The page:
Stories about: itch

Poison ivy and psoriasis: The treatment we’ve been itching for?

poison ivy psoriasis target CD1a
Poison ivy, psoriasis, eczema and other inflammatory skin conditions could have a shared targeted treatment. (Jessica Kim/Winau Lab)

The skin is a natural barrier against pathogens and harmful chemicals. But it isn’t bulletproof: contact allergens like poison ivy can trigger an immune response causing severe inflammation, itching and tissue damage. Mechanistically, what happens is that Langerhans cells — certain antigen-presenting cells in the immune system — initiate a chain reaction. This rallies helper T cells to the area, causing skin inflammation.

A protein called CD1a (Cluster of Differentiation 1a) has been thought to be part of this reaction. But until recently, its role was poorly understood, at least in part because there was no good test model. Research in Nature Immunology now suggests that targeting CD1a could lead to new therapies for poison ivy and other inflammatory skin conditions like psoriasis and eczema.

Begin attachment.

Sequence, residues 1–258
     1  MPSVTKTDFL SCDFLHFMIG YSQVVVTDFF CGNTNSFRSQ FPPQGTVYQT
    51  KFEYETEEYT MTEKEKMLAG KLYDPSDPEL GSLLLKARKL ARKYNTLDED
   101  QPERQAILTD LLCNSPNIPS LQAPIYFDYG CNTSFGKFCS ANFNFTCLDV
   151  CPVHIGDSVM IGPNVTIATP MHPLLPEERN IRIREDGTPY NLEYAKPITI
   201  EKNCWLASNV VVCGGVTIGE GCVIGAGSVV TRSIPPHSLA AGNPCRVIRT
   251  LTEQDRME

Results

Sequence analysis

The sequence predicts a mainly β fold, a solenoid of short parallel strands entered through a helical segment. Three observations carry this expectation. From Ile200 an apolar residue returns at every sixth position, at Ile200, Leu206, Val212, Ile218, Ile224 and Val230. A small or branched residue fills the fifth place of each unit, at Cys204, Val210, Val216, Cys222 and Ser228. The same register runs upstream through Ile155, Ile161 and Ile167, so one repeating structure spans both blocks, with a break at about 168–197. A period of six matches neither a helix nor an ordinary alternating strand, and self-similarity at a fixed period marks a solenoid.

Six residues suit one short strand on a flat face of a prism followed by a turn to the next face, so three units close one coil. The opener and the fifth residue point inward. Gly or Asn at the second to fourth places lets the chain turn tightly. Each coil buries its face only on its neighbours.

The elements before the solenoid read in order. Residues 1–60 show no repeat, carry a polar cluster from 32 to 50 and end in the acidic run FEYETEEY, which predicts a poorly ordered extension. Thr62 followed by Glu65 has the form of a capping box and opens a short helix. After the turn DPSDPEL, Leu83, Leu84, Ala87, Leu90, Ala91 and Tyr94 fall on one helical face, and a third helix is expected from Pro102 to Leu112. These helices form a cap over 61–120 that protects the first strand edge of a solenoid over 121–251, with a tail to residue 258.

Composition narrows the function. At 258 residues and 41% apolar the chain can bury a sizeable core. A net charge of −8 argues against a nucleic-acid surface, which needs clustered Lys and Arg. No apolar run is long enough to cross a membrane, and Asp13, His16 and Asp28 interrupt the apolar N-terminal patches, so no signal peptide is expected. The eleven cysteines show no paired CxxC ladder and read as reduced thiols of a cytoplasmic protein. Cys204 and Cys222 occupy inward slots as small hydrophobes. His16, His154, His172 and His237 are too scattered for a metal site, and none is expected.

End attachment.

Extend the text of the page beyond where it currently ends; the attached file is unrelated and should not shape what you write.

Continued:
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Selectively silencing itch: Itch-specific nerves let in relief

Illustration: David Roberson
Illustration: David Roberson

This post originally appeared in longer form on Harvard Medical School’s news site. Try not to scratch when you read it.

There’s itch, and then there’s itch.

New research has revealed distinct sets of itch-generating neurons that explain why current itch therapies often fail. It also suggests new ways to selectively silence itch.

“We think this [research] has therapeutic implications,” says Clifford Woolf, PhD, director of the F.M. Kirby Neurobiology Center at Boston Children’s Hospital and professor of neurology at Harvard Medical School (HMS).

While itch is more aggravating than life-threatening, Woolf and HMS graduate student David Roberson hope their work might one day ease the torment itch can cause, particularly in children.

“If you go into the pediatric immunology wards, you see little kids with their hands in mittens or sometimes tied down because they scratch themselves to a point where they damage themselves,” says Woolf.

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